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When to Pay Cards?

February 26th, 2013 at 03:10 am

I have three cards that I use. One is due the 5th. Another is due the 15th. And the last is due the 21st.

I would rather make all of the payments at once. When do I make those payments in order to avoid interest? Let's say I make it the 1st. Does that work (assuming they post within two days)?

16 Responses to “When to Pay Cards?”

  1. LuckyRobin Says:

    If you try to pay a bill on the first that is due on the 21st it probably won't have closed and any charges you make after the 1st but before the card closes (probably around the 12th or so) would still be due on the 21st or interest will begin to accrue. I would just ask the credit card companies to change all the due dates to the date you want.

  2. Frgal Says:

    I should probably do that (change due dates) to make it easier!

  3. MonkeyMama Says:

    I am unfortunately on a 4-card system right now (the rewards are too good!!). They are all calendar month cards (I probably asked two of them to move the closing dates - if they close on the 2nd, 3rd, or 4th, will generally capture the calendar month, which I prefer for tracking spending and such). I do have a card that closes on the 25th, and I am fine with that, as I can always pre-pay charges those last 5 or 6 days, so that works too.

    Anyway, all my cards give me about 30 days to pay. I just try to pay them all off around the fifth of the month (after statement end dates). The one card is usually large and I usually pay that one after payday mid-month, but then it's still paid about 15 days before due date. I prefer to just pay off WELL early to avoid any potential problems. I've heard often you can pay electronically on due date and such, but my strategy to avoid interest has generally always just to pay the second I get the bill. These days since it is all online, then these days it is the second I know what the final bill is for the month. This has probably been more essential with managing a lot of cards. I tend to pay way on the early side.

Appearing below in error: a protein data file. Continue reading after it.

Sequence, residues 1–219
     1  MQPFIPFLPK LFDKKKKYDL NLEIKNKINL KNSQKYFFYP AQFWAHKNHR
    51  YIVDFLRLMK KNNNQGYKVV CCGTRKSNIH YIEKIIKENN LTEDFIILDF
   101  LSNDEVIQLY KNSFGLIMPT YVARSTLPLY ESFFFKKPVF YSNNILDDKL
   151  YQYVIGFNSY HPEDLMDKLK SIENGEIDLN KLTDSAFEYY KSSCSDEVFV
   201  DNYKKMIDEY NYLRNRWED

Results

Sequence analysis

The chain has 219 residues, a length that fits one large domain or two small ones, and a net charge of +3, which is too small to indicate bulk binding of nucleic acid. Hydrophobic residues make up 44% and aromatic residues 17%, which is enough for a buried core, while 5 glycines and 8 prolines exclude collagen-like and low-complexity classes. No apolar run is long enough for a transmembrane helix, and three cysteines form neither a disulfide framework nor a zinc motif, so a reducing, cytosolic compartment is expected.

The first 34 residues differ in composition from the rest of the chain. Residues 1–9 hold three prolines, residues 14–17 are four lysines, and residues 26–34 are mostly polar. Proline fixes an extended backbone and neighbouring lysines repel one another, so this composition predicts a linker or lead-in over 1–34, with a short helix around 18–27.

4. Frgal Says:

    I don't like paying when I get the bill. That means interest is applied. No one wants that. Smile

  5. ceejay74 Says:

    I have a lot of credit cards in play at any given time because I'm doing the bonus points shuffle! Smile I always keep track of all my credit card balances and pay them off entirely twice a month, after each payday. That way I'm never in danger of missing a due date or paying interest.

  6. MonkeyMama Says:

    Interest is not applied until after the due date. ??? I've never paid a cent of interest to a credit card company, personally.

    Do you have some different type of credit? Are you sure you would pay interest if you waited for bill?

  7. MonkeyMama Says:

    "What is a credit card grace period?
    It is a window of time you have where you will not accrue interest charges, if you pay them off in full. This grace period starts when your billing cycle closes. It ends when the payment is due for that billing cycle."

    This is how it works if you have paid off the balance, anyway.

  8. Frgal Says:

    Hmm. So, I suppose I will just pay them off two days before the due date.

  9. snafu Says:

    The whole point of CC is is to use other people's money, with as small or no cost to yourself. I use a few CC with different closing days in order to give myself the longest time for major purchases. Using your bank's electronic bill paying system is an efficient, easy method to meet CC [or any creditor] requirements by authorizing sum at least one business day in advance of the due date. When the bill comes, highlight the due date and balance/amount you planned to pay and the next time you go on-line or pay bills, set up the payment from your list of creditors. It sounds like eork when I write it out but it's really less than 6 clicks on most systems.

    It helps to instigate 'Desk Day' and take care of all financial tasks just before each payday.

  10. creditcardfree Says: